application process is under the sole jurisdiction of the DHS; neither the Board nor the Immigation
Judge has any authority in such a matter. See Matter of Acosta-Hidalgo, 24 l&N Dec. 103
(BIA 2007). I any event, we note that the record does not indicate that the respondent can satisf
his burden of prove that he has been lawflly admitted to the United States fr permanent residence,
a prerequisite to naturaliztion. See section 318 of the Act, 8 U.S.C. § 1429.
In conclusion, we agee with the Immigation Judge that the respondent is removable as charged.
However, a remand is required to evaluate the respondent's eligibility fr relief fom removal.
Accordingly, the fllowing orders will be entered.
ORER: The respondent's appeal of the Immigration Judge's decision fnding him removable
as charged is dismissed.
FURTHER ORER: The record is remanded to the Immigration Judge fr further proceedings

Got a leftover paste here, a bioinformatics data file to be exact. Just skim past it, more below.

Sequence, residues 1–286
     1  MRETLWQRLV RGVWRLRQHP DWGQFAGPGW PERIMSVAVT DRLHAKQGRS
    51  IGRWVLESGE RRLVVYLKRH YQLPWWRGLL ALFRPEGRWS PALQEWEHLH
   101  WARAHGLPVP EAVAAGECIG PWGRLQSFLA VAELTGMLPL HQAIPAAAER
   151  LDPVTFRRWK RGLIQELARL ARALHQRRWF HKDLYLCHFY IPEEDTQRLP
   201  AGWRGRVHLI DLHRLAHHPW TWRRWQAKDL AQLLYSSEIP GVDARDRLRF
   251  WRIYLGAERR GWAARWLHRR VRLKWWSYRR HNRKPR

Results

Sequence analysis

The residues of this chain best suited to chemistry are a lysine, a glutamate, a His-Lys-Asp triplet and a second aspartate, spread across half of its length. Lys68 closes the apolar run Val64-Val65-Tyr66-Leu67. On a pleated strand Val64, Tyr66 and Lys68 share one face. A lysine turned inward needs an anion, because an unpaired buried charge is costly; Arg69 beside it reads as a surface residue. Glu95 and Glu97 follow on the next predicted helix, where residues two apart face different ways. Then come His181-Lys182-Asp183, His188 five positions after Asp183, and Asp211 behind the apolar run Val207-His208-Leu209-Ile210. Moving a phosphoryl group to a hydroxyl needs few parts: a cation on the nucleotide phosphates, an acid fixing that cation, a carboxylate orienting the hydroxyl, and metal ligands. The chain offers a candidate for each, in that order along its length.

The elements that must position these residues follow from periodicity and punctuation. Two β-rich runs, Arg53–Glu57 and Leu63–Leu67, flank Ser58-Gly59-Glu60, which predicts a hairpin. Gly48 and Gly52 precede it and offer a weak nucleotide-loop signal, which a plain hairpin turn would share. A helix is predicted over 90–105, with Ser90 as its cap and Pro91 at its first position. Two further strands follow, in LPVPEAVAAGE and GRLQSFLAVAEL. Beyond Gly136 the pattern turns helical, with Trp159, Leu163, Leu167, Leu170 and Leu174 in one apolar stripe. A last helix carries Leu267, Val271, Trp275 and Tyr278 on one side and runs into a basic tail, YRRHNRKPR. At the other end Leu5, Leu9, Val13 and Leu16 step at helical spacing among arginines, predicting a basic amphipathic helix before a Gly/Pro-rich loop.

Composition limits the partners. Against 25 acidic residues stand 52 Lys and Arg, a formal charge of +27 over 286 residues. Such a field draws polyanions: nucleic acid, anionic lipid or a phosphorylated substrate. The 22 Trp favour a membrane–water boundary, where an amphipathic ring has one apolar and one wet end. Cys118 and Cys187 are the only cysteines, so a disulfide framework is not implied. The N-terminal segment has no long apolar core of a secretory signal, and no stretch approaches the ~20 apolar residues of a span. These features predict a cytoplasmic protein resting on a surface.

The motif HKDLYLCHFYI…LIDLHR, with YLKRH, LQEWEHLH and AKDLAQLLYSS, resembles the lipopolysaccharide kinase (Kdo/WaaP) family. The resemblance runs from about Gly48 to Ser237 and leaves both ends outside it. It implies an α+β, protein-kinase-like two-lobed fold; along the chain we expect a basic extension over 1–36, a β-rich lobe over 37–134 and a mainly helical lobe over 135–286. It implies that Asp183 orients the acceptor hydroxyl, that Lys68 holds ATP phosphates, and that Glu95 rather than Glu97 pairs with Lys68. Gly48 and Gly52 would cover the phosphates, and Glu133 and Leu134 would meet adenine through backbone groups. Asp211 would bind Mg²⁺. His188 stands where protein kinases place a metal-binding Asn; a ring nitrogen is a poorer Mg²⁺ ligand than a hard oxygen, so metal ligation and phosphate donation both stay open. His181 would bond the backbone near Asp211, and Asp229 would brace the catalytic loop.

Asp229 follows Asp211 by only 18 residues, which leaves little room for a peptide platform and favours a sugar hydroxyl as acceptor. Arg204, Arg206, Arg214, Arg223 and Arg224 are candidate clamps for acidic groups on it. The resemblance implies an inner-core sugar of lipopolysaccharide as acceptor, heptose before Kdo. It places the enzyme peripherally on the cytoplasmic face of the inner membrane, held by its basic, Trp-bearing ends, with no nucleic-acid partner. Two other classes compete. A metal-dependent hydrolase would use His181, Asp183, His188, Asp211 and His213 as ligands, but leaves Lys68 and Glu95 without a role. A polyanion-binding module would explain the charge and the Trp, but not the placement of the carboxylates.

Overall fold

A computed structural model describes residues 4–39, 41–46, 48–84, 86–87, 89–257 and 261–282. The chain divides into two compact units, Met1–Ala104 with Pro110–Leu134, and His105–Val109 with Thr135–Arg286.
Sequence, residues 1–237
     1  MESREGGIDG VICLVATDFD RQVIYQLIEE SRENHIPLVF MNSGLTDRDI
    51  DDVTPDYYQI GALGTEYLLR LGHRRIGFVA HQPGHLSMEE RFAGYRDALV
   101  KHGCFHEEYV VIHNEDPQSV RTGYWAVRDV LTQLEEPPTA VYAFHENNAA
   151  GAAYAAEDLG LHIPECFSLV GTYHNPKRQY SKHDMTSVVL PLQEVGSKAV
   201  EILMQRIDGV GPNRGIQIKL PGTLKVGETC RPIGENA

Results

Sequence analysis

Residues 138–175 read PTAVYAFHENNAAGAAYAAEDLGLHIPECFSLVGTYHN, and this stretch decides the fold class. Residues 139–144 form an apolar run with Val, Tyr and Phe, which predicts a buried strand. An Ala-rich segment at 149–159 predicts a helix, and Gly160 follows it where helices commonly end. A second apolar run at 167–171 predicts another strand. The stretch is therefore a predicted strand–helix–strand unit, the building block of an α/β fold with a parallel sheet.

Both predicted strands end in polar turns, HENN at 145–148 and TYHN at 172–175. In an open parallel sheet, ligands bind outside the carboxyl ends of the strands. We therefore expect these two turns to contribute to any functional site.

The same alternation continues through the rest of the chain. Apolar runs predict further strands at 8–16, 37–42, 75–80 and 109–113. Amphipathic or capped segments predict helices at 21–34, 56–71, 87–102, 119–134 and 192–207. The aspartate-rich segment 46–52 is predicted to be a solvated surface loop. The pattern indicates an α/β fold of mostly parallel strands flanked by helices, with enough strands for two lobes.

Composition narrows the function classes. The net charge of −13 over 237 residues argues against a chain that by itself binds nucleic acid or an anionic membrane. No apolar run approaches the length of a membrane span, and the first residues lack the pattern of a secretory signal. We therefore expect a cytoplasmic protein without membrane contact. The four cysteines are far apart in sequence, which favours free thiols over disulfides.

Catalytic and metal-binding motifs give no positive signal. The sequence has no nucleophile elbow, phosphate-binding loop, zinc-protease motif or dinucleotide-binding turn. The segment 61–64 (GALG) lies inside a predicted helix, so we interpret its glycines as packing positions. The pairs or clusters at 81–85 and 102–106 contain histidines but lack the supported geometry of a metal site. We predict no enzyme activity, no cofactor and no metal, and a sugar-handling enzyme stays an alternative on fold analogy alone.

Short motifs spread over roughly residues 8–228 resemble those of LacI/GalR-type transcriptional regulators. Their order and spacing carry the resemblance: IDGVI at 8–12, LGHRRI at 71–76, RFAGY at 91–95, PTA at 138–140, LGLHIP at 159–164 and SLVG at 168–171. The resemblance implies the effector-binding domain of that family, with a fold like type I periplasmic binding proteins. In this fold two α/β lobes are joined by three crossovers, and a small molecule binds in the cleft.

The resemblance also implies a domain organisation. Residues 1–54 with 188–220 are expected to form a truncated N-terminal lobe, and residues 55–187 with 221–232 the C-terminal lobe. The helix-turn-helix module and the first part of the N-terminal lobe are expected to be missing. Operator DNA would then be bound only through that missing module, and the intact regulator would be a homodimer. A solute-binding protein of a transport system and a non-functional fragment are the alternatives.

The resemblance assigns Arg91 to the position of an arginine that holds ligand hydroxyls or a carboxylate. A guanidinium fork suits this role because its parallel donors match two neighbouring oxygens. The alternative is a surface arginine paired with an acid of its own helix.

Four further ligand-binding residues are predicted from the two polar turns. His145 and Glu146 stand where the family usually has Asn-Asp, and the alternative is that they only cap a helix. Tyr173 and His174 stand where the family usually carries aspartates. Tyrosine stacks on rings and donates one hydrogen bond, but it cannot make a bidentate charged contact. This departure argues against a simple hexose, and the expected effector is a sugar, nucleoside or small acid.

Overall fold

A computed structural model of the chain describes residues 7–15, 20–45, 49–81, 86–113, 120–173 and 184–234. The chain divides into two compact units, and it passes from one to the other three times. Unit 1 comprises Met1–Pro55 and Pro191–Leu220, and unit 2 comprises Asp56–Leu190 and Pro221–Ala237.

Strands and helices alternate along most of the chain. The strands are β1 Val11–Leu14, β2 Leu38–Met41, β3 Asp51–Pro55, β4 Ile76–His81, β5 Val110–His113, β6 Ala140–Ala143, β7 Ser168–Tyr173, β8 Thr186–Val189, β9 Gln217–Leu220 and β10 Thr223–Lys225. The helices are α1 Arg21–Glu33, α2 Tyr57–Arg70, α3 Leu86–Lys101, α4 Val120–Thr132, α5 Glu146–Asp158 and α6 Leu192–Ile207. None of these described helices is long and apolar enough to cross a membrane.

consistent with the fregoing opinion and fr the entry of a new decision.
¯ There is a discussion during the October 7, 2010, hearing about the respondent's passport related
to cerifcation of his school enrollment (Tr. at 91-94, 97, 99).
4
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Cite as: Akim Rahman, A079 687 751 (BIA Dec. 6, 2011)
US DEPARTMENT OF JUSTICE
EXECUTIVE OFFICE FOR IMMIGRATION REVIEW
IMMIGRATION COURT
801 WEST SUPERIOR A VENUE, SUITE 13-100
CLEVELAND, OH 44113

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In The Mater Of: )
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Akim RAHMAN
•.
In Removal Proceedings·'
Respondent.
Docket: Cleveland Non-Detained (CEL)
File Number: A079 687 751
�� >
RE: Motion to Terminate or Dismiss Proceedings
CHARGE: Section 237(a)(I )(C)(i) of the Immigration and Nationality Act
ON BEHALF OF THE RESPONDENT: ON BEHALF OF THE DHS:
Pro se Amy Scheunan, Assistant Chief Counsel
Ofce of the Chief Counsel
U.S. Immigration & Customs Enfrcement
1240 E. 9th Street, Suite 519
Cleveland, Ohio 44199
MEMORANDUM AND ORDER
HISTORY OF CASE
Respondent is a native and citizen of Bangladesh who last entered the United States on July 16,
1999. These proceedings began when the Department of Homeland Security ("OHS") fled a
Notice to Appear (''NTA"
)
with the Court on June 12, 2003 having served the NT A on the
Respondent on April 15, 2003. See Exhibit I. The NTA charges that the R(spondent is